Spark Send-Off: Or, the Importance Of Indie Bristol

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Bristol can be wilfully independent. Gloucester Road, for example, has the largest concentration of non-chain coffee shops, bars and cafes outside London and is claimed to be the longest independent high street in the UK. Bedminster’s North Street is equally proud of its indie credentials with its butchers, bakers and health food emporiums.

Venues such as The Fleece, Louisiana and Thekla have been single-minded in their uniqueness for years, while organisations like Howling Owl, Electric Harmony and others help showcase our strong, non-corporate music scene. Niche book-sellers Redcliffe Press, radical Tangent Books and the whistle-blowing Bristolian all wave the flag for indie media, whilst stalwart culture champion Venue is still missed.

If you’re a bit of a free-thinker or don’t like being told what to do, starting an independent business might be the way to go — no corporate identity; no HR department to complain if you’re off message and no decisions made by a head office miles away from where you are. Indies are often set up by a lone maverick or a group of friends with some expertise and a great idea (sometimes not even the expertise — they learn on the job, using trial and error). They often offer a local solution to a local problem, or are reacting to the vibe; the zeitgeist of what’s going on here and now, observing and adapting to trends. In the beginning they’ll be supported by friends and peers while word of mouth spreads. If they’re doing it right, they might just survive, even thrive.

The Spark, a Bristol-based magazine set up in 1993, celebrated twenty-one years of independence earlier this year. Founder John Dawson was reacting to a very personal situation: in his last year at university his mother committed suicide following years of depression and prescribed tranquillisers. John wanted people to know there were alternatives to mainstream medicine, that there were other, complementary ways to get well, and better ways to treat the environment too. The Spark became a distinctive, quirky, A3-sized mag, full of positive ways to change the self, the local area, and the planet.

You might say The Spark was a success — first produced on John’s kitchen table in Montpelier — at its peak it printed 34,000 copies per quarter and had a readership of more than 100,000. Free to its readers, the magazine paid for itself by selling advertising — but The Spark’s ethical stance meant no advertorial (articles paid for or written by the advertisers) so readers knew that what they read was honest and unbiased, and no ads from companies known for bad investments or dodgy practices. These high principles made things challenging, but the independence and commitment to integrity and editorial freedom were worth the hard work.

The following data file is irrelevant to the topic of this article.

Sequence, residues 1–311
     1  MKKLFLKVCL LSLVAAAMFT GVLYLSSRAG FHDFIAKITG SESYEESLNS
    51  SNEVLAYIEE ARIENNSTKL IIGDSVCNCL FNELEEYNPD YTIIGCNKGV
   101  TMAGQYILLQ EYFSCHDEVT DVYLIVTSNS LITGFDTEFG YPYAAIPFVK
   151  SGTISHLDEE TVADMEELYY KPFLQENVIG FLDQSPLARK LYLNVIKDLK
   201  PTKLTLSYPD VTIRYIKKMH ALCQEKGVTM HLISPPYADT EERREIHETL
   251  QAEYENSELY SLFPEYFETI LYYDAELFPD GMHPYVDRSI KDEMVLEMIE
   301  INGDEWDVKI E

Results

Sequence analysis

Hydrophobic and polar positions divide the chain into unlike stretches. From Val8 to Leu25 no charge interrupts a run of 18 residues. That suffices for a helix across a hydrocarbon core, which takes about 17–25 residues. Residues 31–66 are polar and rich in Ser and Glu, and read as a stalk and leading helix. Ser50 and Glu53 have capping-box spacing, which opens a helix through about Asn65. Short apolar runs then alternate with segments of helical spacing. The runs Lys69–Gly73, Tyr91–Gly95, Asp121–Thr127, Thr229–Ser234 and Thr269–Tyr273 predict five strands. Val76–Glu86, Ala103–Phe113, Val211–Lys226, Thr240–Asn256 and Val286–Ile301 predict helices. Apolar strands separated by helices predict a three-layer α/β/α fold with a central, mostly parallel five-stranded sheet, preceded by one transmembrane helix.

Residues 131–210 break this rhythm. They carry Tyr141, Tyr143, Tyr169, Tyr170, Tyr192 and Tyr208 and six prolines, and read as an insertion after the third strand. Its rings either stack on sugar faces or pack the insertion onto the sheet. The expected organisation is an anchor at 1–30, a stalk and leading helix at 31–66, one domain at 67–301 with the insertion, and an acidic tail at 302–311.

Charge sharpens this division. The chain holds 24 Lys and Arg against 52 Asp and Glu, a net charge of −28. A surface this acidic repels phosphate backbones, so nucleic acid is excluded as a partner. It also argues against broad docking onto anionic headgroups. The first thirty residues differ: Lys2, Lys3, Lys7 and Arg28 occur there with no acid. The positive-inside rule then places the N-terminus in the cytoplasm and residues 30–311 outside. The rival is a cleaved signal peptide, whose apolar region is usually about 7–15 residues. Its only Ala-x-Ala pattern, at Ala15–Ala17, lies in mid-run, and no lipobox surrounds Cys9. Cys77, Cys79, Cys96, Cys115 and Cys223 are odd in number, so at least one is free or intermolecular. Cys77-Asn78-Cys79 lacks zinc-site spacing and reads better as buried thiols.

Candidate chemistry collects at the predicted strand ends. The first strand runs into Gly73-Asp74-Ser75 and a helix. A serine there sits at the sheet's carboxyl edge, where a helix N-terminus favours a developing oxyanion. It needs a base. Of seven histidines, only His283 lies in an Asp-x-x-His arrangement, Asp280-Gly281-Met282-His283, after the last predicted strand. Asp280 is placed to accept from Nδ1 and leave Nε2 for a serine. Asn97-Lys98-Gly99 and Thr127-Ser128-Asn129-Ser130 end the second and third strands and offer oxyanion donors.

But things change; sometimes the time and the place just aren’t right any more. The Spark soldiered on through the worst of the recession but after years of advertisers tightening their belts eventually the deficit was impossible to ride. In July this year, the liquidators arrived. The Spark was no more.

In many ways John’s aims were achieved. A wacky idea back in the 90s, organic is now an everyday concept. Green issues and global warming were niche concerns, now the science for climate change is overwhelming, with the case for renewables proven; and John made his point with over-prescription of tranquilisers and antibiotics is frowned upon. Seeking help in times of difficulty is normal and the importance of nurturing oneself and one’s relationships is recognised.

For two decades The Spark worked to inspire change. Careers and communities were grown, knowledge and resources shared, new indie businesses set up. And people having a hard time found ways to feel and do better. But readers and the team were genuinely upset and felt the end had come too soon; there are still campaigns to highlight, issues to raise, a planet to save.

The moral of the story? If you love your local independent business ‘like’ it, tweet about it, support it, spread the word; it’ll be very much appreciated. But ultimately businesses need cash flow. If you are proud to be part of Bristol and love its odd-bods, mavericks and free-thinkers (hell, maybe you’re one of them), put your hand in your pocket and spend a quid or two.

Beccy Golding was writer and production manager at The Spark for eleven years.